Support shifts as Boehner adds balanced-budget amendment

Support shifts as Boehner adds balanced-budget amendment

House Republicans will link passage of a balanced-budget amendment to Speaker John BoehnerJohn Andrew BoehnerThe two-party system is dying — let’s put it out of its misery One year later, neither party can get past last year's election White House strikes back at Bushes over legacy MORE’s (R-Ohio) last-ditch debt-ceiling plan, which GOP lawmakers said would move the measure to passage in a high-stakes vote later on Friday.

Republican lawmakers seemed confident after a vital Friday morning conference meeting that the tweaked John BoehnerJohn Andrew BoehnerThe two-party system is dying — let’s put it out of its misery One year later, neither party can get past last year's election White House strikes back at Bushes over legacy MORE proposal would pass muster with a restive conference.

“I’m smiling,” Boehner said after perhaps the most crucial conference meeting of his speakership.

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GOP members said Boehner’s revised framework would still pave the way for the $14.3 trillion debt limit to be raised through the 2012 election in two chunks.

It would also mandate that the second hike of the ceiling could only occur after a balanced-budget amendment passed both chambers of Congress and was sent to the states for ratification. Previously, a vote on such an amendment was all that was required for that second increase, which under the Boehner plan would likely be necessary early next year.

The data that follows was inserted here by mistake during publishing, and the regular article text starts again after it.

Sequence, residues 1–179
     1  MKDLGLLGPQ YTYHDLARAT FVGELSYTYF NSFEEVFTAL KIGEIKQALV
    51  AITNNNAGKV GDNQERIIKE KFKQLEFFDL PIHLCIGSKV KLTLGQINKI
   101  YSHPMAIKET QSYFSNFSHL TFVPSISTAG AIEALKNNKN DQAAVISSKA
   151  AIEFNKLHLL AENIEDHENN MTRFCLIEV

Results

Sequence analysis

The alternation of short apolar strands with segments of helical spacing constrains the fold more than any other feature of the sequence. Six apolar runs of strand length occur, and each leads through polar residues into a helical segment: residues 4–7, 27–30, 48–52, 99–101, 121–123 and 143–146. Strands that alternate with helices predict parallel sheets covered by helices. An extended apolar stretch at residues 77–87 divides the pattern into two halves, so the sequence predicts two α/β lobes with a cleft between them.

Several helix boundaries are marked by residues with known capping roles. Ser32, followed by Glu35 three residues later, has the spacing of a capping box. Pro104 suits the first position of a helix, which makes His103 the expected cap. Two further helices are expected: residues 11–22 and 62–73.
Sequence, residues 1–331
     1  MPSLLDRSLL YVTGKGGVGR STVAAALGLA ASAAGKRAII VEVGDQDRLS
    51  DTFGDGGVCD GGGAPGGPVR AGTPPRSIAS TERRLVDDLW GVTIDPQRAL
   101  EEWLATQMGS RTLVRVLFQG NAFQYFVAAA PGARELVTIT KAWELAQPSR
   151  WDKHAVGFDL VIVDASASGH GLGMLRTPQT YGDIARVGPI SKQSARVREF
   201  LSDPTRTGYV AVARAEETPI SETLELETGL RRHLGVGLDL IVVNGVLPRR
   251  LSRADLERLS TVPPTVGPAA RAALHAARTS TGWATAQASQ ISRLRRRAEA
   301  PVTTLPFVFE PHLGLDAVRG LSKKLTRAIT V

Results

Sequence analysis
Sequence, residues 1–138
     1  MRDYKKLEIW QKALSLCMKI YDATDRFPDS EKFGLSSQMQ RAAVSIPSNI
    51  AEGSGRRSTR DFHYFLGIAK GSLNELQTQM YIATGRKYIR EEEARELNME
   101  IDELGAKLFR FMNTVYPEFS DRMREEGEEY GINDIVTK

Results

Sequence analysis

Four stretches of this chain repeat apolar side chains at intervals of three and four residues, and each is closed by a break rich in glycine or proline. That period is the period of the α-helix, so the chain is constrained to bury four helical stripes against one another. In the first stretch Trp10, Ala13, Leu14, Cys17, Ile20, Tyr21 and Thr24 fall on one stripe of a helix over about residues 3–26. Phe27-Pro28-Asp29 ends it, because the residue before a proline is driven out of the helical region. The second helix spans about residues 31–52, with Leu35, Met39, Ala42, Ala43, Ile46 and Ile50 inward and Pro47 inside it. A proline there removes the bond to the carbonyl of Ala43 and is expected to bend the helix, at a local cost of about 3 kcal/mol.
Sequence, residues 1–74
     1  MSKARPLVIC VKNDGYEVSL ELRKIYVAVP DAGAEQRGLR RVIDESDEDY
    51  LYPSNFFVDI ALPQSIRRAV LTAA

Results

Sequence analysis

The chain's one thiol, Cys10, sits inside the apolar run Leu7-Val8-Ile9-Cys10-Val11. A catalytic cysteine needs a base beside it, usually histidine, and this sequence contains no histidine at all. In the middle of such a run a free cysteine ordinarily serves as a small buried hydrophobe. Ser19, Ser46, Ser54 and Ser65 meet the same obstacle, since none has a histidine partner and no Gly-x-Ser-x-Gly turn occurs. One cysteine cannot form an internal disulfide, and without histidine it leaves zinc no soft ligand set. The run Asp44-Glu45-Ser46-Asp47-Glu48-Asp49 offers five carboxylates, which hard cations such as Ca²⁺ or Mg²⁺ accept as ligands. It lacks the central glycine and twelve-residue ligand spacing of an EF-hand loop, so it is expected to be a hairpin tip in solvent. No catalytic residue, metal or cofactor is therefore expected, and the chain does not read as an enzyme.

But in adding the balanced-budget amendment and postponing the vote on Boehner’s initial measure, several GOP lawmakers warned their party had given up valuable leverage to Senate Democrats in the final days of talks to raise the debt ceiling by the Aug. 2 deadline.

“The fact of the matter is, because of the dust-up yesterday, we’ve lost some leverage,” Rep. Steve LaTourette (R-Ohio), a close Boehner ally, said after Friday’s conference meeting.

“You could say it’s remote, but there was a chance that the package yesterday, if it had been successfully voted out, would have been adopted by the Senate and signed by the president. I think everybody acknowledges that’s not going to happen with this piece of legislation.”

A spokeswoman for House GOP Whip Kevin McCarthy (R-Calif.) in a post on Twitter said the House could vote between 5:45 and 6:15 p.m. on the measure.


More from The Hill:
♦ Whip list for the Boehner plan
♦ Obama: 'Time for compromise is now'
♦ Reid says he's moving ‘the last train’


The bill is likely to meet a quick death in the Senate, where Majority Leader Harry ReidHarry ReidTop Lobbyists 2017: Grass roots Boehner confronted Reid after criticism from Senate floor GOP in uncharted territory rolling back rules through resolutions MORE (D-Nev.) had already announced this week that all 53 members of his caucus opposed Boehner’s plan. That was before it required the Senate to pass a balanced-budget amendment in the coming months.